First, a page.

A St. Louis driver who livestreamed his passengers online without their knowledge has been dropped from Uber and Lyft as well as Twitch. However, Gargac told the Post-Dispatch that one of the key differences in his streams compared to those already on the service is that he didn't ask his passengers for permission, believing it resulted in a "fake" experience.
Lyft has "deactivated" Gargac as a driver, according to the newspaper. His go-to answer was that the recordings were for safety, but he avoided telling his riders that the footage was being streamed live on Twitch.
An Uber driver in Missouri has been suspended after it emerged that he had been live-streaming hundreds of his passengers on Twitch for months without them even knowing. Missouri, the state in which these events took place, does not label this act as illegal due to their adherence to "one-party consent".
The driver, identified by The St. Louis Post Dispatch as 32-year-old Jason Gargac, filmed his interactions with passengers using a small camera mounted on his windshield and streamed the footage on Twitch, a streaming service popular with gamers.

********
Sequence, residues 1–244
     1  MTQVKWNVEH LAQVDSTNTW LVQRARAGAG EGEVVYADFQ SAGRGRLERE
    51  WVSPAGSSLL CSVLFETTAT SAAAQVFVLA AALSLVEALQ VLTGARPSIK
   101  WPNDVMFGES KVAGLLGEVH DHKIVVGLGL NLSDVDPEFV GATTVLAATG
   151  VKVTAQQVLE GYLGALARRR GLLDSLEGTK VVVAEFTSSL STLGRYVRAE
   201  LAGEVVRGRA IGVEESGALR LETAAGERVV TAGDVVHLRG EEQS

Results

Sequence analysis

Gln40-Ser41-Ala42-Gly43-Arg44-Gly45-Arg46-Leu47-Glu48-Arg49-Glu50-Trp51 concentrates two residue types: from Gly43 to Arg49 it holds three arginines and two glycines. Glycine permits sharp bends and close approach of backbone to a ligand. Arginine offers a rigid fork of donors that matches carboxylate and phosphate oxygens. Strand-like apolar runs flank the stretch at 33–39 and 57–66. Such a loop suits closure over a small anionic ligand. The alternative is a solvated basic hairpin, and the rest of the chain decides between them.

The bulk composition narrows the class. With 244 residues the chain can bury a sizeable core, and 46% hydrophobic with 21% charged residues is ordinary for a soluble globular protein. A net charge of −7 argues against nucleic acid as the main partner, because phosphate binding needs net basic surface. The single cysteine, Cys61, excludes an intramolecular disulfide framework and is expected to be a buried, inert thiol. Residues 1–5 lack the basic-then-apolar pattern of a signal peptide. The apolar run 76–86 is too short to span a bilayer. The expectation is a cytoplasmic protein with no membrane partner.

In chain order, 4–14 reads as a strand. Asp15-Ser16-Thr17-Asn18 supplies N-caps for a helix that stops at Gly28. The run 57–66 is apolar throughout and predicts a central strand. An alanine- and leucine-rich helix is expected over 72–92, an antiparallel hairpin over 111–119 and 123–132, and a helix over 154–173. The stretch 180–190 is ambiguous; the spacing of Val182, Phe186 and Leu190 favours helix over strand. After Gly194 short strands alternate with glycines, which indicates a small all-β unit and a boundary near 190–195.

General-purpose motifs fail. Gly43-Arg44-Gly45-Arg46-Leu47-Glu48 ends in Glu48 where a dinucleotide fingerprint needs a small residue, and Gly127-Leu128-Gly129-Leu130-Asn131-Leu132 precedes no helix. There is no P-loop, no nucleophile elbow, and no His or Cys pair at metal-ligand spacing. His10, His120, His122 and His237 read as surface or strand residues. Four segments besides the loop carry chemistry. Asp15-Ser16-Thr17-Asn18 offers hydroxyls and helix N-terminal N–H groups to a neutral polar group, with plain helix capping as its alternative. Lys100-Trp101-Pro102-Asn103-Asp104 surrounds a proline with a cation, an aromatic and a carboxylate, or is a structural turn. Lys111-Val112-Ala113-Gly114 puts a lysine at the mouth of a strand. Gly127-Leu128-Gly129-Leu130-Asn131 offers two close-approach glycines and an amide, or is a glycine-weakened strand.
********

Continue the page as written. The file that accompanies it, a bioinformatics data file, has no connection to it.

On Saturday, Gargac tweeted that "transparency is always key" and that he had removed videos from his Twitch channel as "step #1 of trying to calm everyone down". "The driver's access to the app has been removed while we evaluate his partnership with Uber".
"Uber and Lyft could easily enact a policy, so could legislation, where you could say, although you're in a one-party consent state. that you should not be able to disseminate to anyone except by subpoena", Klieman said.
Jason Gargac, based in St. Louis, US, talked about his videos in an interview with The St. Louis Post-Dispatch on Friday.
While Gargac has been observed to befriend his passengers with comical interactions, his viewers have been less pleasant. His Twitch channel is no longer hosting any videos and has been suspended.
Several passengers complained to Uber after learning about Gargac's livestream, they told the Post-Dispatch. I.have nothing more to add here.
"I think it's a larger question about privacy and technology for society, what we do when the norms around a particular technology are violated", Rosenblat said.